I two of resin, ar.d half a pint of turpen
tine. Pour into a jar, shake it well,
( and add six parts of rectified oil of tur
; pentiue.
A careful housekeeper is frequently
troubled by the tannin stains in fine
china teacups. They may usually be
removed by rubbing them with a little
whiting on flannel. Salt will have the
same effect, but it sometimes scratches
very fine ware.
To clean wall paper use bread about j
a day old. If the paper is only dusty,
flick and rub it with a soft yarn mop.
If it is marked with grease, hold ? piece
of blotting paper over the spot with a
hot flat irer. for a few moments.
Rubbing silver or plated eggspoons
with a little liquid ammonia and salt
*il>4>efuove the discoloration caused by
"fhe sulphur "in the egg. The very best
way to clean mirrors and windows Is
to rub them with a paste of whiting
and water. When this dries polish
with chamois skin and remove the
powder. A little alcohol in cold water
also gives a brilliant polish. Soapsuds
should never be used.
When grease hss been spilt upon
matting, apply powered French chalk
and benzine. Cover the grease with
the chalk and sprinkle lightly with the
benzine. When the latter has evap
orated, brush off the chalk, and the
spot will also vanish. When grease
is spilt on wooden flooring, cold water
should immediately be poured over it.
This hardens it so that t can easily be
scraped away, otherwise it sinks in and
repeated scrubbing will not get rid of
Trinidad's Pitch Lake.
A remarkable phenomenon in the
island of Trinidad is the "Pitch lake,"
situated at La Brea, about sixteen
miles from the Port of Spain, the cap
ital of the island. It is about one and
a half miles in circumference and ele
vated eighty feet above the level of the
sea. The water is covered almost en
tirely with a stratum of asphaltum,
traversed hy fissures and crevices fill
ed with water. The pitch at the sides
is perfectly hard and cold, but as one
walks toward the middle the heat grad
ually increase and the pitch becomes
softer and soi ter. At last it is seen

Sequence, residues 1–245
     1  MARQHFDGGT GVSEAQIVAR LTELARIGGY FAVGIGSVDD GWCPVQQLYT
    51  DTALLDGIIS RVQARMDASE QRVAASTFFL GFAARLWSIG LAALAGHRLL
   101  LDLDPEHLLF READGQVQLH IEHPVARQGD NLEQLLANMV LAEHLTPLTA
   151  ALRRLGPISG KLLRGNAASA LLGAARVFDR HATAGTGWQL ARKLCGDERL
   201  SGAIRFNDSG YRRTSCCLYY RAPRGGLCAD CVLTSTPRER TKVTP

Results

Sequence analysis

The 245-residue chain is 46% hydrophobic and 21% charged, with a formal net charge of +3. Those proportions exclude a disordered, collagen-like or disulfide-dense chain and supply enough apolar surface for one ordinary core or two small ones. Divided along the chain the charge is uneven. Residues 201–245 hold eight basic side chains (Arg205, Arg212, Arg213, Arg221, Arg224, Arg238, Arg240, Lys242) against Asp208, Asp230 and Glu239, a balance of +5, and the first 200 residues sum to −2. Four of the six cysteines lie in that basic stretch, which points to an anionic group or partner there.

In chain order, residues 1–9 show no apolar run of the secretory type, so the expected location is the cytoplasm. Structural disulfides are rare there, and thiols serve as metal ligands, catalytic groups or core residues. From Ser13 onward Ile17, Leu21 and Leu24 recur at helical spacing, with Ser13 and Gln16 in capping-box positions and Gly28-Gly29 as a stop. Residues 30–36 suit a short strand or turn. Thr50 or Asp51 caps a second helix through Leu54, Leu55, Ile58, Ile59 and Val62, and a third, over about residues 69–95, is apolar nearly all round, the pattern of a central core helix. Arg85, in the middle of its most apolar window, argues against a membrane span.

boiling up in a liquid state and the
air is strongly impregnated with bitu
men and sulphur. During the rainy
season it is possible to walk over near
ly the whole lake, but in the hot
weather a great part cannot be ap
proached. The pitch is much used up
in the island for roads, pavements and
roofs, and is exported to the United
States and Canada.-Exchange.
"Do you think those campaign
speakers believe half of what they
"Oh, no; they're not so different
from other people."-Chicago Journal.
:st. Test
rsaparilla: The best-and the
ok alike. Auw when the rest
3 them apart? Well, "the tree
's an old test and a safe one.
.epcr the root That's another
cord of these sarsaparillas ? The
jet's. The one with the richest
?-er's Sarsaparilla has a record of
.d of many medals and awards
ie Chicago World's Fair, which,
the best-shut its doors against
or than the medal, to be tho only
ibit nt the World's Fair. If you
lia of your druggist* here's an
cst and you'll get Ayer'e, Ask
HE wedding had
passed off exceed
ingly well, and
everybody was
satisfied, especial
ly with the fact
of its being over.
It had taken
place at the old
fashioned early
Lour, so that the bride and bride
groom and all tho guests might be
gono I Wore evening, and Mra. Wal
lace, the bride's grandmother, might
have time to settle down again before
bedtime. She was a very vigorous and
pluoky old lady, but ehe admitted
that at four-soore years it is well to
keep to regular hours.
lt was evening now. Mrs. Wallace
had retired to her dressing room, and
thc whole house had resumed its
wouted aspect.
At the drawing-room window stood
Christy Wallace, looking oat at the
lingering sauset, and meditating on
the fact that no one wai so thankful
that the wadding was over as herself,
an J that for all her thankfulness lifo
promised to be a little uninteresting
]ust for the present. Blanche had been
thero so long, that though the cousins
ha I bj no msaus been all-in-all ta one
auother, they had made part of oach
other's existence ; au I as for Harold,
he had been at Tao House all his lifo
long, and had run in and ont of Mrs.
Wallace's house as if it had been his
Thero had been a lime, before end